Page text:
Don't Let Me Stop You

What the heck, you'll do what you want anyway.

Regulation of Blogspeech

Posted by Dan Draney on June 30, 2005

The Federal Election Commision is still considering how the “free speech” rights of bloggers should be regulated under the McCain-thank-you-John-Feingold controls on political speech.

CNET News.com: “Mike Krempasky, a conservative activist and contributor to the RedState.org blog, said he hopes the FEC will ‘ensure that no blogger, no amateur activist and no self-published pundit ever need consult with legal counsel.’ The FEC’s 47-page proposed rules, which are not final, cover everything from candidate endorsements to fund-raising, bulk e-mail and paid advertisements.

Just 47 pages (and counting), what a relief! We were afraid it might be onerous, but the DLMSY legal department can take care of that in short order.

Online politicking should not be subject to onerous federal rules, Democratic FEC Commissioner Ellen Weintraub said. ‘We’re all agreed about that.’ But, Weintraub added, ‘What is the best way for us to regulate bloggers?’

Call us crazy, but we think that the first amendment was actually meant to protect political speech as much as say flag-burning, topless dancing, and pornography. We’d even go so far as to suggest that the Founding Fathers might have considered protecting political speech a tad more important to a vibrant republic than those other forms of “speech.” Consequently, we believe the “best way” to “regulate bloggers” is to prohibit the government from doing so.

Some possible endruns around the regulation of bloggers are being considered:

“Say bloggers are journalists: RedState.org’s Krempasky and Markos Moulitsas Zuniga, editor of the liberal DailyKos.com site, argued that bloggers should be viewed as media organizations that have long been exempt from campaign finance laws.

‘The commission identifies Slate.com, the Drudge Report and Salon.com as entities presumably deserving of the exemption,’ Krempasky said. ‘But if the commission grants credentials to these three, how can (it) deny the same privilege to AndrewSullivan.com, Joshua Marshall’s TalkingPointsMemo.com or Kevin Aylward’s Wizbang blog?'”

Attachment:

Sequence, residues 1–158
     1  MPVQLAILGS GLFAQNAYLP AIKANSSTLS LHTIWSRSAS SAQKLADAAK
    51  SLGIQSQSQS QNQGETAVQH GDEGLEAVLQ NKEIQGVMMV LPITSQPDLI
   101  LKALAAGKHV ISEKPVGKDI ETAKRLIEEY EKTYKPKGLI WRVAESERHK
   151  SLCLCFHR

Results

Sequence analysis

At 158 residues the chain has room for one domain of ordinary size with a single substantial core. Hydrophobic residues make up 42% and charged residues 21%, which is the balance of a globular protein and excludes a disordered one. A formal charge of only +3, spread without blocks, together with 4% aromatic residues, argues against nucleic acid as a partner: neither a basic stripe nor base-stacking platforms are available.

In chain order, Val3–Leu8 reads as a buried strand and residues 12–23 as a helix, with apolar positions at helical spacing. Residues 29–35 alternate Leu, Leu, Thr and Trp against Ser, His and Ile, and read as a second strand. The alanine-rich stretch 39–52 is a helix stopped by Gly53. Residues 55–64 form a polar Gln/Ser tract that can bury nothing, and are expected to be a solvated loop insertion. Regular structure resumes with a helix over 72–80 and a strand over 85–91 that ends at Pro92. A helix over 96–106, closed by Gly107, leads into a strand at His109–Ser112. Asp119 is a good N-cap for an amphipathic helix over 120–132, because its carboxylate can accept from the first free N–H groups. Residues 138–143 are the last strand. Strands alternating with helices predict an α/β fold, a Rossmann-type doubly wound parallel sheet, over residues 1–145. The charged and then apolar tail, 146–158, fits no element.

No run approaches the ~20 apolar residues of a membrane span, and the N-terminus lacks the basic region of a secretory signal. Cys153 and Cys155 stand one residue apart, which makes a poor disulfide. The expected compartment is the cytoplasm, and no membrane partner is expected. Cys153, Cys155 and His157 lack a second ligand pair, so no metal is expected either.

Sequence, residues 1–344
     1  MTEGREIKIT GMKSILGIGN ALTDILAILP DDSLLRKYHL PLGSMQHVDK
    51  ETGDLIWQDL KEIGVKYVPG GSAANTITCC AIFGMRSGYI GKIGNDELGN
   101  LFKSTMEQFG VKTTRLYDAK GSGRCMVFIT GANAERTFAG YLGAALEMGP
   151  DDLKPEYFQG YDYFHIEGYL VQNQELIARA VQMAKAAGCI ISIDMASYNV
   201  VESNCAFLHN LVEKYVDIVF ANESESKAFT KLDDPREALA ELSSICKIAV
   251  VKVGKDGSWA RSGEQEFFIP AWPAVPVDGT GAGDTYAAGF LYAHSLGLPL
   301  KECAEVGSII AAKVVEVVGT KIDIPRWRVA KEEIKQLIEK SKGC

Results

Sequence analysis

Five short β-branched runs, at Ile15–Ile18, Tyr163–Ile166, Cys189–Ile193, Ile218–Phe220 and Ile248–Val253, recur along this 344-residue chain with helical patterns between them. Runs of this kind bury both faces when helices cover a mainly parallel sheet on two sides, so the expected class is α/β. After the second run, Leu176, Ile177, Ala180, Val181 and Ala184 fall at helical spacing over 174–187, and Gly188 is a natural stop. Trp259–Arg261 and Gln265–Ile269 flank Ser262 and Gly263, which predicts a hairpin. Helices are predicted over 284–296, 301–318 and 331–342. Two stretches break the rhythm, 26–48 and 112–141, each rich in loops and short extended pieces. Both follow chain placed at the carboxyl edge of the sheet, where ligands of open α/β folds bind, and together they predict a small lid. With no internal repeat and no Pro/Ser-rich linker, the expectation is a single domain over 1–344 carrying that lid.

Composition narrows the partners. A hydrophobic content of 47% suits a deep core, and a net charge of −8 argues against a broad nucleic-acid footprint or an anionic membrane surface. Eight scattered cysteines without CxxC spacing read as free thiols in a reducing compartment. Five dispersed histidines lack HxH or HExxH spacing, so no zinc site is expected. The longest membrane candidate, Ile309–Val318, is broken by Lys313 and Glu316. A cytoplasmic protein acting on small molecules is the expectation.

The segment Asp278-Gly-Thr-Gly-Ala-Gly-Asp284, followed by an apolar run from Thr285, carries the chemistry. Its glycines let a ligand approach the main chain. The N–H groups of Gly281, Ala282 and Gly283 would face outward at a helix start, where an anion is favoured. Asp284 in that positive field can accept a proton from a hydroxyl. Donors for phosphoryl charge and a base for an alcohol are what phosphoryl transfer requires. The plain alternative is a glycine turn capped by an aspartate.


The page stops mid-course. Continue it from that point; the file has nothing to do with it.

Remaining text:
And what about poor Wonkette? What is she, chopped liver? She’s as Old Media as any of these others. But we digress…

“Carol Darr of the Institute for Politics, Democracy & the Internet warned that the so-called media exception would be abused. If the FEC veered in that direction, Darr said, you’d see ‘the campaign finance laws that we’ve operated under for 50 years just crumble.'”

She says that like it would be a bad thing. Heaven forbid Americans could once again freely put their money where their political views are.

Consider the actual language of the First Amendment:

“Congress shall make no law respecting an establishment of religion, or prohibiting the free exercise thereof; or abridging the freedom of speech, or of the press; or the right of the people peaceably to assemble, and to petition the Government for a redress of grievances.”

Note that “freedom of speech” is mentioned before “the press,” indicating that individuals were no afterthought in the quest to protect press freedom. Freedom of the press belongs to those that own one. At the time “the press” was known to include not only major newspapers but small, fly-by-night “pamphleteers,” as well (e.g. Tom Paine). The people own freedom of the press, and the digital revolution has given it back to us. The plain fact is bloggers are the pamphleteers of today.

Back to the CNET article:

“Set a dollar limit: Permit online political endorsements and a blog set up solely to aid a federal candidate–as long as the spending on hosting fees, computers and so on stays below a certain figure.

But what should that limit be? John Morris of the Center for Democracy & Technology suggested $500. FEC Chairman Scott Thomas, a Democrat, said $1,000 was ‘a little low’ and ‘if Congress would help us on that, it would alleviate some of the concerns.'”

If this approach is adopted, we would say that even $5,000 is still too low. It will probably cost that much just for the legal expenses of compliance. In any case, since the government is not able to maintain the value of money over time, any dollar figure written into law should be indexed for inflation.

This is an interesting approach:

Say the Internet is radio: Radio and TV stations generally are immune from campaign finance laws unless their ‘facilities’ are controlled by a political party or candidate.

One option, suggested by Republican Commissioner Michael Toner, would be to extend the same logic to say the ‘facilities’ of Web servers should immunize political speech online.

This whole exercise is unworthy of the government of a free people. It’s the kind of thing that is rightly condemned in closed societies, albeit at a lower level for the present. When was the last time government regulation didn’t cause more problems that “required” more regulation?

Do nothing: The most incendiary approach, this would involve waiting until some unresolved legal disputes are answered or perhaps even ignoring the court order. ‘If the commission decides to regulate online political speech, it should only do so if a majority of commissioners conclude so independently, apart from the (court) decision, that the McCain-Feingold law requires the FEC to regulate the Internet,’ Toner said.”

And did we remember to thank John McCain for this? We’ll remember if we ever see his name on a ballot.

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